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April 24, 2004

Words Passed Through History

Lane Core has been keeping an eye on politics, generally, and John Kerry specifically. For posterity's sake, he's ensured that Kerry's 1971 Vietnam testimony is available as a clean and readable PDF. (Note: that link goes to an html page.)

I'm starting to wonder how the Internet is affecting the behavior of future John Kerrys. Statements can no longer be made with the understanding that they'll disappear into niches of the country, requiring effort to find them. Demand for content can just about disappear for 30 years, but interested parties will still be able to access it as if it had been posted the week before.

Posted by Justin Katz at April 24, 2004 7:29 PM
Politics
Comments

And with the modern prevalence of camcorders and even cell phone cameras, how will the future George Bush's fare? From what I understand, the video recording of drunken parties and orgies by some has become quite a hobby. Will future candidates who have since repented for wild behavior nevetheless shy from office for fear of what videos will be circulated on the internet?

Posted by: Joel Thomas at April 26, 2004 3:42 AM

Thanks for the notice.

Posted by: ELC at April 26, 2004 9:25 AM

Joel,

That's certainly an interesting and related question. Who knows but that it'll force those who harbor political ambitions despite earlier indiscretions to be more forthright. I forget where I saw it, but not long ago, I read a column suggesting that his repentance and return to faith has been a significant component of Bush's persona, meaning that dirt from his youth won't harm him as much.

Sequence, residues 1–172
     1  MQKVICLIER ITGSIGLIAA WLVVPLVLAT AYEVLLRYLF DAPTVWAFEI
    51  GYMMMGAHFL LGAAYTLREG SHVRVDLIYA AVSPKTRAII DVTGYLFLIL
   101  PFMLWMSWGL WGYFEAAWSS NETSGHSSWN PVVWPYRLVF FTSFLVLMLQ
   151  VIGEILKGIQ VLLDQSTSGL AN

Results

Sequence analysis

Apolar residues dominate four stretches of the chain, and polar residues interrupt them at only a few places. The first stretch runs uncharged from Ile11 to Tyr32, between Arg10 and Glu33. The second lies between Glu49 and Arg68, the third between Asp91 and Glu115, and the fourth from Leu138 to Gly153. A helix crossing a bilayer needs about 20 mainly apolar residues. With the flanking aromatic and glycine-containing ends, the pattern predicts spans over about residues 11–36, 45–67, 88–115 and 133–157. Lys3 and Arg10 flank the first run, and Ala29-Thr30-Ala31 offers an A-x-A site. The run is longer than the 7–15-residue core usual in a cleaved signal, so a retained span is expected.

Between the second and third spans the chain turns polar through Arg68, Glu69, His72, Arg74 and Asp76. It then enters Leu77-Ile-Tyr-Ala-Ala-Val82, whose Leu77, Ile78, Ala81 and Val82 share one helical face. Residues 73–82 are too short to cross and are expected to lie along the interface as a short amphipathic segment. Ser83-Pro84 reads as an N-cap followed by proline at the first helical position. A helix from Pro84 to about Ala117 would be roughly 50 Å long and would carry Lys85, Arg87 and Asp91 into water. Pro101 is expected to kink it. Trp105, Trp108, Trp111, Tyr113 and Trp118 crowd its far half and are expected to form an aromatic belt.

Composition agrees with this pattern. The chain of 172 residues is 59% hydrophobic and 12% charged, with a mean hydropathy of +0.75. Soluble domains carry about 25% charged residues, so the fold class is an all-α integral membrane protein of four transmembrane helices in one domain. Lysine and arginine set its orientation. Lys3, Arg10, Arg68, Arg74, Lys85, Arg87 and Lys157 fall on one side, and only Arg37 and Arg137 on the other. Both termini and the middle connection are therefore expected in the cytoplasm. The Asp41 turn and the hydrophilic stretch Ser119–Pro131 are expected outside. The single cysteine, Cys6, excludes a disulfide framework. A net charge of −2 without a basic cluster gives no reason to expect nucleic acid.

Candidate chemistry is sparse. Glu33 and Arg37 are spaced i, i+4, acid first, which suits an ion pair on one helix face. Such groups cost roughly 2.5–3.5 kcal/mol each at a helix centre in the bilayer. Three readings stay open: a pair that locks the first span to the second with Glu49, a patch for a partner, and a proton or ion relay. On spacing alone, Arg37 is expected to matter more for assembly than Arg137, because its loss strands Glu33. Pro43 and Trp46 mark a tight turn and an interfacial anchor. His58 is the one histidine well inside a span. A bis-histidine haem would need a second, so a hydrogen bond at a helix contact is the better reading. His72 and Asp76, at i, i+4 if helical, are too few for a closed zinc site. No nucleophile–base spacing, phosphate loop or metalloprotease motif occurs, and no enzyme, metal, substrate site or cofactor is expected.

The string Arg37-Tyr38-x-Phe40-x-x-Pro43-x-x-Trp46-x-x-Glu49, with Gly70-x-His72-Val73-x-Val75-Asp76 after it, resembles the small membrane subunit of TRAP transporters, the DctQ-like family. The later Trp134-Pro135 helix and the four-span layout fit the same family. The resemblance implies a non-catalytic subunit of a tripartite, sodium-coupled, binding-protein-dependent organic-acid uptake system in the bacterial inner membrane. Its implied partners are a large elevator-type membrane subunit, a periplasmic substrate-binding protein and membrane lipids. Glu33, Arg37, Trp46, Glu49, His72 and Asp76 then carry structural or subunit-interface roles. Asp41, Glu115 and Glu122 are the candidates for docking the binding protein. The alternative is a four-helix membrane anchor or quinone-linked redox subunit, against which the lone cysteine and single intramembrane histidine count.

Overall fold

But the trend that you suggest would apply to such a great number of the people who run for public office that the two outcomes that I can foresee, both with benefits and drawbacks, are that the public will become more understanding of the human capacity to change or that the way will open for people not from the wild elite to take office.

Posted by: Justin Katz at April 26, 2004 10:32 AM

I think there are two points here: one is that the Internet represents a huge but quirky memory. Media people have had this since the 70's with Lexis/Nexis.

The more interesting point is that when it comes to ones youthful indiscretions, honesty is the best policy. If Kerry had been truthful about his SUV's and his throwing medals, etc. a little honesty would have defused a damaging situation.

The media used to admire Clinton's skill in lying. Kerry is not going to get that break.

Posted by: Patrick Sweeney at April 26, 2004 3:21 PM

"The media used to admire Clinton's skill in lying. Kerry is not going to get that break." Bingo!

Posted by: ELC at April 26, 2004 9:33 PM